Dunno, just my personal experience.
~D
Where troubles melt like lemon drops Away above the chimney tops That's where you'll find me.
Swooping is taking one last poke at the bear before escaping it's cave - davelepka

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I never found a technique that really works, if a twist started diving aggressively, my plan A becomes cutaway and focus on getting a clean reserve deployment at a good altitude, the speed at which you burn though altitude in that situation is just too fast and there is a tendency to get fixated on winning the battle, especially if your only 1 twist away from getting out.
I used to fight them and won a couple if times but upon checking my altitude after, realised that it was probably not such a smart idea.
I focused my attention on preventing line twists instead and have had much more sucess doing that.



As far as I'm concerned this is the only correct answer. I'm not sure I want to get into an argument with Brian, or any of the the other HP pilots here. But too many people have died trying to fix this shit. Why are you encouraging others to take a chance? Cut that shit away, it's only money and pride. It's one of the prices you pay for the exciting ride you chose.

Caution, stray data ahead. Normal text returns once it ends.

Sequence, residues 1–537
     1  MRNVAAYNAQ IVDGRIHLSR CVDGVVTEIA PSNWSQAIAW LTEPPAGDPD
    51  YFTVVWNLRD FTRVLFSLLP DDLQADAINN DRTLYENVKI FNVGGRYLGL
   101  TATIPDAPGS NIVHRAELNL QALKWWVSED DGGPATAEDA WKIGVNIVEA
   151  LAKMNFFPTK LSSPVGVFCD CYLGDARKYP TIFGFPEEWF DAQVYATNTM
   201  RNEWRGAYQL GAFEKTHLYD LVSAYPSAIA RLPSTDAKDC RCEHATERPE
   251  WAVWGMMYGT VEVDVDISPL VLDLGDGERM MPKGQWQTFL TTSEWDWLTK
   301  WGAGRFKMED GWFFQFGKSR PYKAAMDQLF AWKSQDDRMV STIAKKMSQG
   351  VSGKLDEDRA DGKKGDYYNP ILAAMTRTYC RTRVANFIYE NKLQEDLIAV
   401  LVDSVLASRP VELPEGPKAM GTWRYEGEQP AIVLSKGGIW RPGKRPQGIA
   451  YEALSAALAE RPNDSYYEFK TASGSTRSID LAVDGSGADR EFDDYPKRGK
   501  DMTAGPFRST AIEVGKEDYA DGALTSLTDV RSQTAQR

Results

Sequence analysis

Ken Gowler

Edited to add that I haven't listened to the show, and that may be what Brian advises for all I know.
Always remember the brave children who died defending your right to bear arms. Freedom is not free.

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Halfpastniner

Do you have any video of those... ...I have never tried to push the risers together and twist- I am interested in now in seeing how that works to get out of linetwists before the canopy lays over and things get really exciting.



I'm sure there are several examples somewhere in my bins of miniDV tapes, but I haven't had more than a linetwist in years. As others have mentioned a hundred feet of prevention is worth a thousand of cure, and keeping yourself as centered/balanced as possible through inflation, even if your canopy goes sightseeing, is the best way to avoid line twists altogether.

But that wasn't the question that was asked.